BERRI TXARRAK are holed up in a studio in Venice, California, when I catch up with them. They're a long way from their native Lekunberri—a small town in Navarra, located in the Basque Country of Northern Spain—but the post-punk/metal trio has made a habit in recent years of traveling far from the political strife of their home in order to make records. Right now they're recording their eighth studio album, and second with producer Ross Robinson (At the Drive-In, Slipknot). The band also came stateside to mix their 2005 shredder Jaio.Musika.Hil with Ed Rose (Coalesce, the Get Up Kids) and record their 2009 LP Payola with Steve Albini.
During Berri Txarrak's 20-year career, vocalist/guitarist Gorka Urbizu has written entirely in the Basque language of Euskara, a tongue spoken by only around a million people in the world. Euskara was suppressed as a sign of separatism during the nearly 40-year dictatorship of Francisco Franco, and only reemerged in the years following Franco's death in 1975, sprouting the Basque Radical Rock movement of the '80s. While Berri Txarrak (translation: Bad News) began well after that rebellion's bubble burst, their choice to sing in Euskara is still considered something of a middle finger to the crises and corruptions haunting that area of the world.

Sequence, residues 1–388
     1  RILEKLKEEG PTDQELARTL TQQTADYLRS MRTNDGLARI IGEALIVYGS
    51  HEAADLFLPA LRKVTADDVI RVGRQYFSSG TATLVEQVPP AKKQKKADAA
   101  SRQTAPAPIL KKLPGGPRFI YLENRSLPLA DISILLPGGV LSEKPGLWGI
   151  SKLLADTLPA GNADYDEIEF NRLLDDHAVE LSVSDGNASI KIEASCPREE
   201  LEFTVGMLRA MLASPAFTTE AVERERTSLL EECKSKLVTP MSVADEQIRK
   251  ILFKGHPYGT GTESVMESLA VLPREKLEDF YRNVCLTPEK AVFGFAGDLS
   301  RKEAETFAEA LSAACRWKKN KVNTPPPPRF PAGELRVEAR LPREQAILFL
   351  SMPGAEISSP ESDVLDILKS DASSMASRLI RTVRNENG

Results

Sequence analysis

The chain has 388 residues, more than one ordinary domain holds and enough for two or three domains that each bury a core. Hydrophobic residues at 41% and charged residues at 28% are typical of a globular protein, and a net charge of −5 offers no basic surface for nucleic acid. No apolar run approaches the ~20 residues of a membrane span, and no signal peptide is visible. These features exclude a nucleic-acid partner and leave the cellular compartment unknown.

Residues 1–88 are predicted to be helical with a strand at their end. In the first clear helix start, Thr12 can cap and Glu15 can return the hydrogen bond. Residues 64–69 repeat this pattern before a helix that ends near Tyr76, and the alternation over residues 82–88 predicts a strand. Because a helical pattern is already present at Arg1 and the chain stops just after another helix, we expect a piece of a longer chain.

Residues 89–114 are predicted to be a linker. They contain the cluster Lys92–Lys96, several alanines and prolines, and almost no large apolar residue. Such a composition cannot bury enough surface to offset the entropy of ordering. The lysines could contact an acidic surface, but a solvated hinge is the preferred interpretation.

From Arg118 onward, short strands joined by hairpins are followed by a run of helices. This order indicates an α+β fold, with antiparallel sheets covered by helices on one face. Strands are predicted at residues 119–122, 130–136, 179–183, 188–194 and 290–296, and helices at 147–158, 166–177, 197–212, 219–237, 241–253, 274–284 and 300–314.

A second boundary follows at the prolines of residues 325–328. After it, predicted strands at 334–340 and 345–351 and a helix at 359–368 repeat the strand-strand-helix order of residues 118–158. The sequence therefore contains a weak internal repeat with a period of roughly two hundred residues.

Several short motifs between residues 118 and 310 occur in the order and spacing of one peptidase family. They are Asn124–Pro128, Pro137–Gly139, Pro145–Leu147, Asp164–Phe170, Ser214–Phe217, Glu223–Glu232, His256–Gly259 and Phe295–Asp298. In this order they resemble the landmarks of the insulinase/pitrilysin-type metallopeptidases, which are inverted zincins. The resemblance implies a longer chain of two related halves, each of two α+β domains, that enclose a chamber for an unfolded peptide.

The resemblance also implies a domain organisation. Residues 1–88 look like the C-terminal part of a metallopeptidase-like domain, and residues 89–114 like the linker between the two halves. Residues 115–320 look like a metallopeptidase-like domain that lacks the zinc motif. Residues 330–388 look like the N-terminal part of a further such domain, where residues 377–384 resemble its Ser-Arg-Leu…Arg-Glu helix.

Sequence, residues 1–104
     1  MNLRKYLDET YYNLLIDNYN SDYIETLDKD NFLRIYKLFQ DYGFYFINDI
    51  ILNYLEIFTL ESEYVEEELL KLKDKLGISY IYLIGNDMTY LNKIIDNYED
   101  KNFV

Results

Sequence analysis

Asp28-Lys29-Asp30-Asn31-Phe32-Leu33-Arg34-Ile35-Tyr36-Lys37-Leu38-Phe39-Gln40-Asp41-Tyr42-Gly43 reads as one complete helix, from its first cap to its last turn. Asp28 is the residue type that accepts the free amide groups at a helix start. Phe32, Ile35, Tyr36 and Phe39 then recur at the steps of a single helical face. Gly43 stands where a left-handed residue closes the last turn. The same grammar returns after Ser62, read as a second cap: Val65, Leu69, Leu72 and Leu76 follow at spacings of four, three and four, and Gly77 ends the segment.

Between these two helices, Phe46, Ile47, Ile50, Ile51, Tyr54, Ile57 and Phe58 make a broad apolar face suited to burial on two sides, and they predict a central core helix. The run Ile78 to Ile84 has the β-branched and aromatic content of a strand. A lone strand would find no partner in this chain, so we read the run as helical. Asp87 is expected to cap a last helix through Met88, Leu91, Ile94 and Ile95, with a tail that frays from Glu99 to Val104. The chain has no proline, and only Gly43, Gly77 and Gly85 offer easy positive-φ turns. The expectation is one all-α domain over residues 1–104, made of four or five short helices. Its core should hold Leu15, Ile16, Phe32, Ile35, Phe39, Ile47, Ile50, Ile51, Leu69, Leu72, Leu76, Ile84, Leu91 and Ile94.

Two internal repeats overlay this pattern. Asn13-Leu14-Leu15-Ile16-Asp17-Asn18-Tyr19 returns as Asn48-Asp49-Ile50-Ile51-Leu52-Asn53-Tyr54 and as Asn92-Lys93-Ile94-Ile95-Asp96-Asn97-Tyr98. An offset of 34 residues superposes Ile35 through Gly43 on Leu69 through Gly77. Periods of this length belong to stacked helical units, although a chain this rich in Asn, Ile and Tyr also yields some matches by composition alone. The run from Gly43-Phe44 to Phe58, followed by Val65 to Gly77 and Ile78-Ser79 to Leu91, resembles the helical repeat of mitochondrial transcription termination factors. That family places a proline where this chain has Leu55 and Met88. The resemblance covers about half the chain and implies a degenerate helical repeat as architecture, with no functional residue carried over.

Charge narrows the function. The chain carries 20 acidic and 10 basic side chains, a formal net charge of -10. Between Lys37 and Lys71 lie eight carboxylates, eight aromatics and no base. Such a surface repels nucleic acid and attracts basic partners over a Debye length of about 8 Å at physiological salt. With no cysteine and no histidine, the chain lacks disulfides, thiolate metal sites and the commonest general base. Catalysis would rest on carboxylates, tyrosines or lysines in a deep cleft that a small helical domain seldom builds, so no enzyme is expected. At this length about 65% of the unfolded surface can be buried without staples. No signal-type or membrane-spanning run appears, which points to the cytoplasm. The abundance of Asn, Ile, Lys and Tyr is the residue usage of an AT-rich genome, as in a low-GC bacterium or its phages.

"Choosing Euskara as your language to write your songs almost means a resistance act by itself," says Urbizu while gearing up for the band's first West Coast tour. "Our language is still not respected, and institutionally attacked often."
Berri Txarrak is one of only a small handful of bands from the Basque Country to tour Europe and the US, and they've received accolades for their chameleonic hybrid of metal, punk, and rock. The progressive arc from their self-titled debut is staggering; since the band's Faith No More-like beginnings, they've undergone tremendous evolutions. On Payola, the group turned toward the grating punk they'd hinted at throughout their catalog, even recruiting Rise Against's Tim McIlrath for guest vocals.
Despite the band's political leanings, Urbizu says they're just happy to play music and get in lots of travel.
"It makes no sense for us to stay in a ghetto, especially after 20 years," says Urbizu. "The language factor is important, of course, but we just want to be the best band possible. When it comes to that idea, we don't really care about where we're going."